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Human Relief Foundation


HRF’s work places women at the forefront of its planning and design of programmes and maintains the centrality of women across the entire programme cycle.

“Human Relief Foundation (HRF) envisions a world in which every man, woman and child can enjoy an empowered life in security, dignity and with equal opportunities, in which the basic requirements of all people are fulfilled.” – Vision

This International Women’s Day – HRF aims to highlight the difference its donors make for women around the world.

HRF’s work places women at the forefront of its planning and design of programmes and maintains the centrality of women across the entire programme cycle.

Our work looks beyond equality and takes a gender-equitable approach. HRF engages in contexts where women are often disadvantaged through a combination of cultural sensitivities and socio-economic barriers by ensuring we prioritise equity, rather than solely equality, we focus on issues such as access and cultural appropriateness.

For example, our water supply programme with UNICEF in Mosul, Iraq, focused on utilising vulnerability criteria, where we ensured women-headed households were targeted first by water trucking. Although not obvious at first, by delivering to households directly, women without access, either due to domestic duties, or cultural implications, received water.

Whereas this may not have been the case if water points in streets were solely our solution. Instead, we adopted both options and provided all water trucks with gender-sensitive call cards, that households were provided, so complaints and feedback could be provided to a third party agency. This is just one example of how HRF puts women at the centre of its programmes, to empower them in environments where they are disempowered.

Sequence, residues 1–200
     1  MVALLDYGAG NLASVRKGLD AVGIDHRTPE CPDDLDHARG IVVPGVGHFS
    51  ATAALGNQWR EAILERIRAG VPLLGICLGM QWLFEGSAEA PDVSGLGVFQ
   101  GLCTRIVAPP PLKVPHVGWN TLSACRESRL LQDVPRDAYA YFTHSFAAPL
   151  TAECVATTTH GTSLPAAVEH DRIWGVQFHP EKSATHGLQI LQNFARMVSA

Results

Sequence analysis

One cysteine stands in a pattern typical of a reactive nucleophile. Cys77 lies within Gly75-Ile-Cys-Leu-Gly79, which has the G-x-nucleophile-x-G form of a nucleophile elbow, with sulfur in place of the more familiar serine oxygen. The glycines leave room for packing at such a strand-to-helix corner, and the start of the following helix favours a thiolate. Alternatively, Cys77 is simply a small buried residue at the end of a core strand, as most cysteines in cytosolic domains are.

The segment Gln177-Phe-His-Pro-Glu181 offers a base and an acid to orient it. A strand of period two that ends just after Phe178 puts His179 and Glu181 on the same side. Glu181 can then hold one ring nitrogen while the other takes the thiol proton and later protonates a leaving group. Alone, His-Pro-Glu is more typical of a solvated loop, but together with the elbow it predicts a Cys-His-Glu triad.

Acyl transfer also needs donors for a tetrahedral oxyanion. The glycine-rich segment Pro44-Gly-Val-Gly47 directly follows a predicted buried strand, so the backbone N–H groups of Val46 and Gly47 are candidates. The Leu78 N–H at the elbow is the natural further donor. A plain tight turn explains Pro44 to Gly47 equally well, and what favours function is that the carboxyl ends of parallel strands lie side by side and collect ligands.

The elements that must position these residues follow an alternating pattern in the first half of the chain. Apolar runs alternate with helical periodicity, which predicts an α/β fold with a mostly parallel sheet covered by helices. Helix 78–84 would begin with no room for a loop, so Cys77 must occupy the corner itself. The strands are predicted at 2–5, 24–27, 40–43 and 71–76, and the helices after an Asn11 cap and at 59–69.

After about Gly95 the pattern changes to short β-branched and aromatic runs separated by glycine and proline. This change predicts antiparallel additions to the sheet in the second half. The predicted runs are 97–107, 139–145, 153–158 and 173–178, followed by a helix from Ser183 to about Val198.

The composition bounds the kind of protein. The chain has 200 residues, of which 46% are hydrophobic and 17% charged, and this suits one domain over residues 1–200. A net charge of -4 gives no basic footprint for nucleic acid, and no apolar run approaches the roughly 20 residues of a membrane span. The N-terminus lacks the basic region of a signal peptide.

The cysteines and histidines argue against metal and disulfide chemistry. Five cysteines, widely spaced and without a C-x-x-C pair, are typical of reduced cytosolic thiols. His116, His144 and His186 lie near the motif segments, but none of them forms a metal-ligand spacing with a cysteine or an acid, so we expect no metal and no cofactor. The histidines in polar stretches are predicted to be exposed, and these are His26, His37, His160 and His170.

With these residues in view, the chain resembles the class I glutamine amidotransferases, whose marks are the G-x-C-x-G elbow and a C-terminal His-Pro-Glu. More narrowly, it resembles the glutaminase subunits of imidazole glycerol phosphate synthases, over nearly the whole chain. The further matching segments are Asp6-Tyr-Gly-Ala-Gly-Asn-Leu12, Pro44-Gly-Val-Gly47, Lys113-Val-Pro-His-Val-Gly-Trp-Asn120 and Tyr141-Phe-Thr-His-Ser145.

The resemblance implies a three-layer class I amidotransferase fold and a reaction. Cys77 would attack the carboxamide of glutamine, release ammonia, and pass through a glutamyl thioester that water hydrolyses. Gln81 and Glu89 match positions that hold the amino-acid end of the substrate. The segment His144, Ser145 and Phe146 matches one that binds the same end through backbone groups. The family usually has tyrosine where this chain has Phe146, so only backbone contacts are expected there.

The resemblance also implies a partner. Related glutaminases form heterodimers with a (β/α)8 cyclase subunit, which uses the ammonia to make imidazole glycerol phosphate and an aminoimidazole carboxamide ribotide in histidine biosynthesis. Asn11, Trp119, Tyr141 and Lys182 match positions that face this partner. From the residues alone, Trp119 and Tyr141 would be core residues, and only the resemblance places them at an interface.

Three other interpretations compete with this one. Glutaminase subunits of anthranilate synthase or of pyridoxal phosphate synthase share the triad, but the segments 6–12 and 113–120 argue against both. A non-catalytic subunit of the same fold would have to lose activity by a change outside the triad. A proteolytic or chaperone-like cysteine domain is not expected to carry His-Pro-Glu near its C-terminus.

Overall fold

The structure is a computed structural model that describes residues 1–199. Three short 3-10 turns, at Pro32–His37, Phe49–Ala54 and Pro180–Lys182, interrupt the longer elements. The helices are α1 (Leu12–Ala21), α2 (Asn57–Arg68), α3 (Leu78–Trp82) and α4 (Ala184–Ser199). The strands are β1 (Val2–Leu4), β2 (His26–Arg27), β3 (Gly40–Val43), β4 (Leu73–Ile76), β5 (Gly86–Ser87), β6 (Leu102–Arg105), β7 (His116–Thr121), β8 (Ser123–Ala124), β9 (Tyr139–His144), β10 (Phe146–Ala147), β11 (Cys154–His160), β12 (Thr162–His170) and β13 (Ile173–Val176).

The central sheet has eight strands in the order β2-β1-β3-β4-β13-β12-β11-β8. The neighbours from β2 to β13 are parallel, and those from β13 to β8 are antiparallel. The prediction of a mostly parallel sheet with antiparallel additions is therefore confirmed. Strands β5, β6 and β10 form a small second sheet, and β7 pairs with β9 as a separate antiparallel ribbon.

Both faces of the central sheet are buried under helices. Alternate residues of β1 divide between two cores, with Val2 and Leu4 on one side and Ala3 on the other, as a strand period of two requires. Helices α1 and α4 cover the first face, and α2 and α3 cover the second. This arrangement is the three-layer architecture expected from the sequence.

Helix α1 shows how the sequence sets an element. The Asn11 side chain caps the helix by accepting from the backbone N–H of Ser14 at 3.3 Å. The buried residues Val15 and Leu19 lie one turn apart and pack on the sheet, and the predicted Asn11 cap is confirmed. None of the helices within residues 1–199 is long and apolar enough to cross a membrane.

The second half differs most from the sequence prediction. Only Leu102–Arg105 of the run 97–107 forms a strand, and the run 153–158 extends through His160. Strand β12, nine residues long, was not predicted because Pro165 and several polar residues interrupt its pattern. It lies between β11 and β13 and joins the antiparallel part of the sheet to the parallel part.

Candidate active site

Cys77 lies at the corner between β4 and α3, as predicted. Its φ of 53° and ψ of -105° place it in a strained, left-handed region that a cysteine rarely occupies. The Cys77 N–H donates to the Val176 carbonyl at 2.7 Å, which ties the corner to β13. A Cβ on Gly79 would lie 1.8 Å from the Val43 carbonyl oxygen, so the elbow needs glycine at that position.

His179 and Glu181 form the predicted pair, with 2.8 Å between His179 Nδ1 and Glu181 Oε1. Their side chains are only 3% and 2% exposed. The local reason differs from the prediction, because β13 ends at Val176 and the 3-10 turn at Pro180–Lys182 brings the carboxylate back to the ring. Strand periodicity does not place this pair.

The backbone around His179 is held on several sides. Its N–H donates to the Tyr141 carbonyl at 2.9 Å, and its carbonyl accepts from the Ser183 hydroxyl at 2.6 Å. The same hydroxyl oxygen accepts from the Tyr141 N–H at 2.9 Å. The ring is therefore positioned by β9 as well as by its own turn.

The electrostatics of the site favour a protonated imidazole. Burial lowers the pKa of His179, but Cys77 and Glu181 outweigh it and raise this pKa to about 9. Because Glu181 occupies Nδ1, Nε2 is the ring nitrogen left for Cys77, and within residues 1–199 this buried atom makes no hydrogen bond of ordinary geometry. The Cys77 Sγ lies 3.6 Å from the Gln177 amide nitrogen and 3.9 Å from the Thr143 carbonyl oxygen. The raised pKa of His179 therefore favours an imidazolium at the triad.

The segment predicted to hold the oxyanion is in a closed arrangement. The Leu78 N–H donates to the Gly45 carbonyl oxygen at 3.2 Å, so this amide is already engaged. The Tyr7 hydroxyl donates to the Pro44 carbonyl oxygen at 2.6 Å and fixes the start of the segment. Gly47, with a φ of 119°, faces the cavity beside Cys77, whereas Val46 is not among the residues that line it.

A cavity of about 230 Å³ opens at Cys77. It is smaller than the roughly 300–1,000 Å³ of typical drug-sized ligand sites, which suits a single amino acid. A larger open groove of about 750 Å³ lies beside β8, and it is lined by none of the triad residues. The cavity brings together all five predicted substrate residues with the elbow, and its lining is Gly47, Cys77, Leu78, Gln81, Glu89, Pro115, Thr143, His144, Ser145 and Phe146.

We recognise education not just as an opportunity but as an obligation for everyone. Everyone, regardless of their status, belief or background, has the right to adequate education.

This is why HRF has empowered girls with education through its Iqra Project for many years. This project is based in Pakistan and targets poor illiteracy, which is under 10% in rural areas.

Girls who do not receive an education are more likely to be exploited or forced into slave labour when they become adults. From our permanent offices in Islamabad and Isakhel, HRF identifies children most in need of an education and change their lives by enrolling them back into school.

HRF has also built and refurbished schools and educational facilities in poverty-stricken areas where the gender gap was high. Examples include the building of school complexes in Ghana, and the construction of child-safety zones in Rohingya refugee camps in Bangladesh where both boys and girls are taught basic education.

Sustainability projects

HRF’s Support For Life project aims to give families living below the poverty line in Kenya and Pakistan, the opportunity to be able to generate income, learn skills, and gain a sustainable future.

Hundreds of women have already benefitted from this project, having received the vital tools and training to sustain themselves with money made through the sale of the items. Such as tailoring units delivered to beneficiaries in Kenya who sold numerous textiles such as dresses and hijabs to their local community.

HRF has also delivered tailoring units to Rohingya women who have fled their homes in Myanmar. Living a new life in Bangladesh, tailoring units have provided them an opportunity to create garments and earn a living.

These are just some of the many projects and programmes that donors have supported over the years.

HRF believes and has always believed in the equal value of women, girls, men and boys, and the importance of equity in treatment of all people, regardless of their status.

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